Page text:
- JPMorgan Chase reports second-quarter profit of $6.5 billion or $1.60 a share.
- Net revenue comes in at $26.0 billion.
- The consensus estimate among analysts was EPS of $1.44 on revenues of $24.84 billion.
Updated from 7:21 a.m. ET with additional information throughout.
NEW YORK (TheStreet) -- JPMorgan Chase (JPM) on Friday said its second quarter profit rose 31% from a year earlier, beating expectations, boosted by stronger-than-expected trading revenues and a continuing decline in credit costs.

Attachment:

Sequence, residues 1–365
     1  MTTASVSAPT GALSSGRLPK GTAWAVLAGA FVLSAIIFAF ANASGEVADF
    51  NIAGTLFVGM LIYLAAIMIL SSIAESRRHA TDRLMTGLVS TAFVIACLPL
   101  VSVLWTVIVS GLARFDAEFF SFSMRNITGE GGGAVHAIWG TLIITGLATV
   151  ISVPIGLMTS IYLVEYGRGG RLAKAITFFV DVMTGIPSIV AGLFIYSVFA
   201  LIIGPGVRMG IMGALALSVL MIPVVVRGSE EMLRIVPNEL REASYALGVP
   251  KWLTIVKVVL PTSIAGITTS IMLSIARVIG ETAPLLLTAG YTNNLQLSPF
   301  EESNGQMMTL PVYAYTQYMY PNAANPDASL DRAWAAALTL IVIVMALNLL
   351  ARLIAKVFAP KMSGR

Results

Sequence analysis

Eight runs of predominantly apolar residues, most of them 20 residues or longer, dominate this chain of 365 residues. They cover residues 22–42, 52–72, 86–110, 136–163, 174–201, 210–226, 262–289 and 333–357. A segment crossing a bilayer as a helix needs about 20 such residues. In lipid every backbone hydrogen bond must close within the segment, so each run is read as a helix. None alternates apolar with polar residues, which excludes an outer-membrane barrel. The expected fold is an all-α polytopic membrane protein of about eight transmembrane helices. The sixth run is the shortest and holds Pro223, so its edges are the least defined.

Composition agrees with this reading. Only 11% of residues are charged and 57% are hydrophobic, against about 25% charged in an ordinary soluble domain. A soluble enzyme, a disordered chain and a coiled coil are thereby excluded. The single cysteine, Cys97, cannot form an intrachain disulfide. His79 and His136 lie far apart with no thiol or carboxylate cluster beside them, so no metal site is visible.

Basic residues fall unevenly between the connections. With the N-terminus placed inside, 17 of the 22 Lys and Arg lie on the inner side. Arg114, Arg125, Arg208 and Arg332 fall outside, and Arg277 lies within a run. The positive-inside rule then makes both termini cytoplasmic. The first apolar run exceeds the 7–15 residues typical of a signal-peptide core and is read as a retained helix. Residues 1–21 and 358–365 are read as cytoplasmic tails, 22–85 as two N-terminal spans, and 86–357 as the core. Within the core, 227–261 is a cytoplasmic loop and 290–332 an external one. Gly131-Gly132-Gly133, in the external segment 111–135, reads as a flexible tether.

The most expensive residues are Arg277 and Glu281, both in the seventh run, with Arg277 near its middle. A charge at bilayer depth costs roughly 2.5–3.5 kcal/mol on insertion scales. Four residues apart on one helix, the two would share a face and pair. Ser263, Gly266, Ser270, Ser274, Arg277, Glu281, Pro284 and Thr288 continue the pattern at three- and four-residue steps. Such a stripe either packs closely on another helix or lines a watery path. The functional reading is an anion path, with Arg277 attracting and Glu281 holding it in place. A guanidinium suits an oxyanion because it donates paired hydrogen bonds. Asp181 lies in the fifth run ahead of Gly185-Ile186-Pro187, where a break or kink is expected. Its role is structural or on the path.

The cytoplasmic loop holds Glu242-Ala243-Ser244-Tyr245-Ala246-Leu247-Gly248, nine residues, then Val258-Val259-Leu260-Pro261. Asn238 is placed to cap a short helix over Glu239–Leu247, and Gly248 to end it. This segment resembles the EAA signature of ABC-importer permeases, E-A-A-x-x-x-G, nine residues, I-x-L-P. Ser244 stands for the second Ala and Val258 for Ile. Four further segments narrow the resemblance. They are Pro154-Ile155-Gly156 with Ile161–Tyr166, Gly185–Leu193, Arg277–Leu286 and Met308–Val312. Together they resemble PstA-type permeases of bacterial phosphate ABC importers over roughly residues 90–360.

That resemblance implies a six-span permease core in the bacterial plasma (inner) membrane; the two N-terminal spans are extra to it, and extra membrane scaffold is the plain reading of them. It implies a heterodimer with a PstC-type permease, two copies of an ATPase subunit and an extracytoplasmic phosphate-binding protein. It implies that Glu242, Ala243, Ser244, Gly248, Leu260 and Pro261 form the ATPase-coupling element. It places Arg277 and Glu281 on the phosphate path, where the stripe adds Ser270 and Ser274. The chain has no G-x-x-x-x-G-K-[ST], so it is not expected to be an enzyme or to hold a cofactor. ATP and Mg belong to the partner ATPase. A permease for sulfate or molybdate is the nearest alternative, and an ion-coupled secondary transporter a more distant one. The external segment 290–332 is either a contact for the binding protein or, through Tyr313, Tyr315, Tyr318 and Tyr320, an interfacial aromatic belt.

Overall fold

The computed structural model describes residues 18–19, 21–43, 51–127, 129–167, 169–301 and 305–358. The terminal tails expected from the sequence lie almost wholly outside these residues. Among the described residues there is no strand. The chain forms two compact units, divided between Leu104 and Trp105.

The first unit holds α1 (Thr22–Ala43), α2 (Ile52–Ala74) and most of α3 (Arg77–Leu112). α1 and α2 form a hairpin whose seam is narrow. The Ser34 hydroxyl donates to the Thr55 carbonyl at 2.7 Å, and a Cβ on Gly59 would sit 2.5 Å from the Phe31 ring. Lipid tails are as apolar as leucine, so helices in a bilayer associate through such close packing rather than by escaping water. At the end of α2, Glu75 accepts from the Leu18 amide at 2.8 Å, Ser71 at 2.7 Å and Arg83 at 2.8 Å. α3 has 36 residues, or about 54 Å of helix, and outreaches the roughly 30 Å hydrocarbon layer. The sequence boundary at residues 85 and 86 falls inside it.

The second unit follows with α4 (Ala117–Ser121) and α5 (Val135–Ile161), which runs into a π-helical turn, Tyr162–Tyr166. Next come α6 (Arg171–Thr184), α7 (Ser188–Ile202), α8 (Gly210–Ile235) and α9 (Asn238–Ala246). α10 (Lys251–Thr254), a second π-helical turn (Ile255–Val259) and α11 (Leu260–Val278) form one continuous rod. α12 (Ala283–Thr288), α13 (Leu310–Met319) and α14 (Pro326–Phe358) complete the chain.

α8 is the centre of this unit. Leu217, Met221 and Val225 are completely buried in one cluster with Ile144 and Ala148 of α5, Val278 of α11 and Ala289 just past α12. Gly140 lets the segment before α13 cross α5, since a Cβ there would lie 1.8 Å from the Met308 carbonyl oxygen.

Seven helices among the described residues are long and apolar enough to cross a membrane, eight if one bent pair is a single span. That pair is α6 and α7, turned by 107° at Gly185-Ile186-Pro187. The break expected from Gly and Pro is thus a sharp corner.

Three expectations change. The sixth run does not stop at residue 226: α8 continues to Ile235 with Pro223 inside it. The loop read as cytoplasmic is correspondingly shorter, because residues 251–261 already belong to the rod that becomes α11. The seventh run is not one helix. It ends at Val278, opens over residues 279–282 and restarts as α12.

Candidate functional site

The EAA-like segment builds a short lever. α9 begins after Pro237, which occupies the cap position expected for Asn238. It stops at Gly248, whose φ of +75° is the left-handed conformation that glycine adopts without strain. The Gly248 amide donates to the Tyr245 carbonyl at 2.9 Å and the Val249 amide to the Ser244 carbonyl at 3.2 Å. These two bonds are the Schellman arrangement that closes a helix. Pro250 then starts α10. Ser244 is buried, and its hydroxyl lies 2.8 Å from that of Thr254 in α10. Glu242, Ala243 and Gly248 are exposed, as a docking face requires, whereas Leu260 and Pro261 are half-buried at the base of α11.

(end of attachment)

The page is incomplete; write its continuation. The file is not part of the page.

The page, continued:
The New York-based bank reported net income for the second quarter of $6.5 billion or $1.60 a share, compared to $6.52 billion or $1.59 a share in the first quarter and $4.96 billion or $1.22 per share during the second quarter or 2012.Revenue for the second quarter was $25.95 billion, up 13% year-over-year. Analysts polled by Thomson Reuters expected earnings of $1.44 a share on revenues of $24.84. billion. The year-ago results were weighed down by more than $4 billion in losses from the "London Whale" trading debacle. The second-quarter results included a $950 million pre-tax benefit from reduced loan loss reserves in real estate portfolios, $550 million in pre-tax benefits from reserve releases in the credit card portfolio, which was offset by $600 million pre-tax expenses for additional litigation reserves. The non-core earnings items added 15 cents to earnings-per-share. "Our earnings reflected strong performance across our businesses," Chairman and CEO Jamie Dimon said, making special mention of the strong improvement in asset quality. "Net charge-offs remain near historical lows in our Credit Card business, have dropped to less than half of what they were a year ago for our Real Estate Portfolios and remained very low in our wholesale portfolios. In light of these trends, we reduced the allowance for loan losses in Consumer & Community Banking in the second quarter by a total of $1.5 billion." However, he said loan growth had been soft, reflecting a cautious stance by small businesses. Shares of JPMorgan were flat in pre-market trading. Trading revenues were up 18% year-over-year at $5.4 billion. That is higher than the 10-15% guidance issued by management earlier in June. The performance reflected "solid client revenue and improved performance in credit-related and equity products," the bank said. April and May were strong months for trading, but a sudden and sharp rise in interest rates added turmoil to the market in June. Still, fixed income trading revenue fared better-than-expected, rising 17% from a year ago to $4.07 billion, but declining 14% from the seasonally strong first quarter. Equity trading was down 3% from the first quarter, but up 24% year-over-year at $1.3 billion. Investment banking fees were up 20% quarter-over-quarter and 38% year-over-year, on strong equity underwriting. However, core net interest income, which accounts for more than 40% of operating revenues, disappointed, declining 1% from the previous quarter and 5% from a year-ago to $9.5 billion. Net interest yield -- the spread between interest earned on assets over interest paid on deposits and borrowings -- continued to fall, dropping by 17 basis points to 2.20% from 2.37% in the first quarter and 2.40% a year earlier. The bank said cash balances increased by $109 billion over the first quarter, partly due to additional deposit growth. This accounted for 18 basis points of core net interest yield. Additionally, the bank earned lower yields on loans and investment securities. In its guidance, the bank said it expects net interest margins to be stable in the second half and that it expects net interest income to be modestly higher. In the rate-sensitive mortgage business, originations were down 7% quarter-over-quarter but up 12% year-over-year, at $49 billion. Significantly, purchase originations were still up 50% year-over-year and 44% quarter-over-quarter. Mortgage production pre-tax income came in at $582 million, down by $349 million or 38% from the prior year, on lower gain-on-sale margins and higher production expenses as the bank increased its headcount. "If primary mortgage rates remain at or above current levels, refinance volumes and margins will be under pressure and Mortgage Production profitability will be challenged," the bank said in a presentation to investors. On a positive note, it said investors can expect more reserve releases as charge-offs and delinquencies continue to trend lower. The card, merchant and auto business saw net income rise 21% to $1.2 billion, driven by improving credit, higher revenue and lower expenses. Here too, the bank said, a continuing decline in defaults could prompt more reserve releases in the second half. The bank finished the quarter with an estimated Basel III Tier I Common Capital Ratio of 9.3%, including the impact of final rules issued last week. -- Written by Shanthi Bharatwaj in New York. >Contact by Email. Follow @shavenk
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